Review: The Whale


In 2012, Darren Aronofsky (“Mother!”), attended a performance of “The Whale,” a play by Samuel Hunter. A decade later, he directed a movie version with Hunter as screenwriter and Brendan Fraser (“Gods and Monsters”) starring as the protagonist, Charlie.

Charlie is a recluse. He teaches a writing class online, invisible to his students. Once he was married, with a daughter, but eight years ago he deserted them to start a homosexual relationship with one of his adult students. That young man, Alan, who could not reconcile his homosexuality with his conserv-ative religious upbringing, eventually committed suicide. Since then, Charlie has been alone.

People in pain have a variety of coping strategies. Some become angrily violent; some take to drink and alcoholism; others use drugs, especially opioids; and some, like Charlie, become addicted to food. At the time of the story, Charlie weighs 600 pounds and cannot move about his second-floor apartment without using a walker and later a wheelchair.

Charlie’s weight has become deadly, with skyrocketing blood pressure, and heart seizures whenever he exerts himself. He does have one friend, Liz (Hong Chau — “The Menu”), a nurse. She is the sister of his deceased lover, and cares for him. She knows he is dying, but honors his refusal to go to the hospital for treatment.

Then, as his end nears, a young man, Thomas (Ty Simpkins — “Where’s Rose?”), proselytizing for a Christian sect – the same one Alan belonged to – shows up at Charlie’s door and a sort of relationship is established. Almost at the same time, Charlie’s long estranged daughter, Ellie (Sadie Sink — “Stranger Things”), who was eight when he left her, also shows up. Now 16, she is suffering, too, and her coping mechanism is bitterness and cruelty. From that point on, the movie revolves around the interaction of these four as Charlie’s health worsens.

This film has proven very controversial. It has been called a monster movie. It has been attacked for fat-shaming, insensitivity and “trauma porn” — whatever that is. In my opinion, it is the antithesis of these accusations. This is an incredibly human screenplay and a performance which ranks among the best of American cinematic drama.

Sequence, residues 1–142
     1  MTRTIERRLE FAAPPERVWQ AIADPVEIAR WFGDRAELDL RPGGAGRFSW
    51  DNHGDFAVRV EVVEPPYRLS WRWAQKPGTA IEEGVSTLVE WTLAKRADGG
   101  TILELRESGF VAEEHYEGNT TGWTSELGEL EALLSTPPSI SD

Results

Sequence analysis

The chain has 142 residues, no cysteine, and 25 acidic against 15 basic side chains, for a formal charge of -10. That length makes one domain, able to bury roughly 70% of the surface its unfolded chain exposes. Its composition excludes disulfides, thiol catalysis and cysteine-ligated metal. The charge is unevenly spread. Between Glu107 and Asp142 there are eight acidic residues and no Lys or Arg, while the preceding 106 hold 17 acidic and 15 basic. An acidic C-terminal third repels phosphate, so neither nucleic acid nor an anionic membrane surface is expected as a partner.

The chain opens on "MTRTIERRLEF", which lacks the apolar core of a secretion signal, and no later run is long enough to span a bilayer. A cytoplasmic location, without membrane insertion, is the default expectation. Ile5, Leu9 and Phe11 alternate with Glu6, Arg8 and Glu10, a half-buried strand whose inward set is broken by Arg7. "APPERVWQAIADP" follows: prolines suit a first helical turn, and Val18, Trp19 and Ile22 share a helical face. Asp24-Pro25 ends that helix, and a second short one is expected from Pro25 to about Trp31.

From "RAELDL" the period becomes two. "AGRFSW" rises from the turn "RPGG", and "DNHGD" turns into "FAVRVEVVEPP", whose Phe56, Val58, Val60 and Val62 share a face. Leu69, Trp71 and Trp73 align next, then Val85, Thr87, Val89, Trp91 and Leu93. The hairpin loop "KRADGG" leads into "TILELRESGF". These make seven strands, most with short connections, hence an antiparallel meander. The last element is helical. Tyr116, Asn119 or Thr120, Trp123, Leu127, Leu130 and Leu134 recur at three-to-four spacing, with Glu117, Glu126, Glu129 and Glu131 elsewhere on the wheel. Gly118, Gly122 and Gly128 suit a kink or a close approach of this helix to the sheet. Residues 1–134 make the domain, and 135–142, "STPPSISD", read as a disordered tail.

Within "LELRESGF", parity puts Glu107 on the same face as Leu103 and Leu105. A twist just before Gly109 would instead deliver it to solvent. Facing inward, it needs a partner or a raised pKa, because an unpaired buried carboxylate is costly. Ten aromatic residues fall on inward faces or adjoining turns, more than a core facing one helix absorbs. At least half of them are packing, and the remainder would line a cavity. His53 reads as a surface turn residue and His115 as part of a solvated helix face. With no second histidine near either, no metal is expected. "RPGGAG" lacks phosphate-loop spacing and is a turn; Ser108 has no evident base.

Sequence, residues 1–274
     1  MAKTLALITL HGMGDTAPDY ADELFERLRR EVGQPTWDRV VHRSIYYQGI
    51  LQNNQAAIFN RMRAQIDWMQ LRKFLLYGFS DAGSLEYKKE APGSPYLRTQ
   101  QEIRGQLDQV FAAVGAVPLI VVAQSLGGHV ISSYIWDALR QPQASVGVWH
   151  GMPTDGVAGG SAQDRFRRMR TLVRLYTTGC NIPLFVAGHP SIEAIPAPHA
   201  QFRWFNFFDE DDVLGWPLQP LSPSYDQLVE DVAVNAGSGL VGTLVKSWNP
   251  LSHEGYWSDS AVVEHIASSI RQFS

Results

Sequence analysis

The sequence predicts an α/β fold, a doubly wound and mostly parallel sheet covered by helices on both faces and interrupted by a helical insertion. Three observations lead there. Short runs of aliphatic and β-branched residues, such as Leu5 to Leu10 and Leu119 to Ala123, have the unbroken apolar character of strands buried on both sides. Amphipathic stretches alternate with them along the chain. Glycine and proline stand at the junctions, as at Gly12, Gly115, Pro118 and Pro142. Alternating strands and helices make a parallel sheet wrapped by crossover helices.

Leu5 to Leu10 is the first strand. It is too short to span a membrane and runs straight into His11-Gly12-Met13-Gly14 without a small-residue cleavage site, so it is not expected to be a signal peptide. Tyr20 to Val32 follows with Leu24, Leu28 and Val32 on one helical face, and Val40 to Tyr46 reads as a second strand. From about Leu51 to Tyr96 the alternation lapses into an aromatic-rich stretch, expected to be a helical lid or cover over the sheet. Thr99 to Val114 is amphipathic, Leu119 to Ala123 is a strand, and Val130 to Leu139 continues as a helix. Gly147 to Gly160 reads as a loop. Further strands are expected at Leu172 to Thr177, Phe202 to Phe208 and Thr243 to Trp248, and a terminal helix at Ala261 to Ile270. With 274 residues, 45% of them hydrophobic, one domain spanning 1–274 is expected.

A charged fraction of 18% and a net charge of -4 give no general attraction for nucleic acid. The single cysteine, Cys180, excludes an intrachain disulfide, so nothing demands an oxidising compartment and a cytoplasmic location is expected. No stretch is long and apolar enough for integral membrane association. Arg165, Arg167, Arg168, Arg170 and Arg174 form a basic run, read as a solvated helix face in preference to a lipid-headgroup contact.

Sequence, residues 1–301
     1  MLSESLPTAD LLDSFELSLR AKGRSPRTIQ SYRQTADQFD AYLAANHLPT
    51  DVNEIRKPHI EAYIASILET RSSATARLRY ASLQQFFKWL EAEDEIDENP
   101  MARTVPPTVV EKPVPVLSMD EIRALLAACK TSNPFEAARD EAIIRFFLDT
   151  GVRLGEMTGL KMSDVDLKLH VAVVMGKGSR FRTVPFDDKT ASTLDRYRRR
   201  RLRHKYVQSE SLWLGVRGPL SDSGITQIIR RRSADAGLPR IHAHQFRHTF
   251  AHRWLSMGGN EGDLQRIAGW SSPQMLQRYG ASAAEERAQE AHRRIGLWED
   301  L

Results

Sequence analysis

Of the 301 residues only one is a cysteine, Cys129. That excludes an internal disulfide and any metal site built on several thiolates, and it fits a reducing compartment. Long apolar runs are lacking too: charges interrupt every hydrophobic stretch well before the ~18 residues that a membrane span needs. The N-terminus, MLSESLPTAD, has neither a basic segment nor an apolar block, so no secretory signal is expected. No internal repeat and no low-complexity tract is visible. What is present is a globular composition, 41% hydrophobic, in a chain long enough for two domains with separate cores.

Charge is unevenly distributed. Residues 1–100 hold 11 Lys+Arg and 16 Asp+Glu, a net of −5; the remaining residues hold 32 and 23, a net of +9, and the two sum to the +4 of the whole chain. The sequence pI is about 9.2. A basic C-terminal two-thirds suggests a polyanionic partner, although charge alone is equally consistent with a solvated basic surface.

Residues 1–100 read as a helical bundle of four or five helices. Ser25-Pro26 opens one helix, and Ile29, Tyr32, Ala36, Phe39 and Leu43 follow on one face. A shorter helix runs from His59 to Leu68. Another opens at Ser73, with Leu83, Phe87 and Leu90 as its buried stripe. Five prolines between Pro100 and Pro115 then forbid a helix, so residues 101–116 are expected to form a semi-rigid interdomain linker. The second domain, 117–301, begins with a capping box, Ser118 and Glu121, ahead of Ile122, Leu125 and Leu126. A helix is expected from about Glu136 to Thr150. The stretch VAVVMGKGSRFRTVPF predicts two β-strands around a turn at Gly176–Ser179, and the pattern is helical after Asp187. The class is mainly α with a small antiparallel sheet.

Brendan Fraser, who has had plenty of lightweight parts (“George of the Jungle,” “Monkeybone,” the “Mummy” movies) in his three decades in Hollywood, displays an incredible depth of characterization, perhaps informed by his own personal struggles during the last decade. In addition, Hong Chau and Sadie Sink put in impressive performances.

There is a claustrophobic feel to the film, and some have complained about this, pointing to its origin as a stage play. True enough. However, that diminished range of space and movement is exactly what Charlie suffers from. He can barely move about the living room/kitchen that is the primary set. And movement outside is impossible from his second-floor walk-up.

Add to that the sense of shame at his appearance that prevents him from appearing on camera to his students or even answering the door for the pizza delivery man. A life of circumscription is exactly what he lives and what we need to feel in order to appreciate his suffering. Further, the intentional dim lighting and muted colors enhance this half-life in which he is trapped.

One core element of the film is an essay on Melville’s “Moby Dick.” Superficially, this could be taken as a reference to the size of the protagonist. However, as is clearly evident in the partial reading of the essay written by Ellie, and just as it was in that immortal American novel, the whale is a metaphor for something else: the struggle of the human soul. Writer Hunter is telling us to look beyond the illness (uncontrollable anger, addiction, homelessness, etc.) to see the tormented human beings struggling to conquer their demons and in desperate need of our caring understanding.

As Charlie might have said: “This movie is amazing!”

Runtime: One hour, 57 minutes
Availability: Theaters, HBO Max

. . .

Join us on Facebook at!

Comments are closed.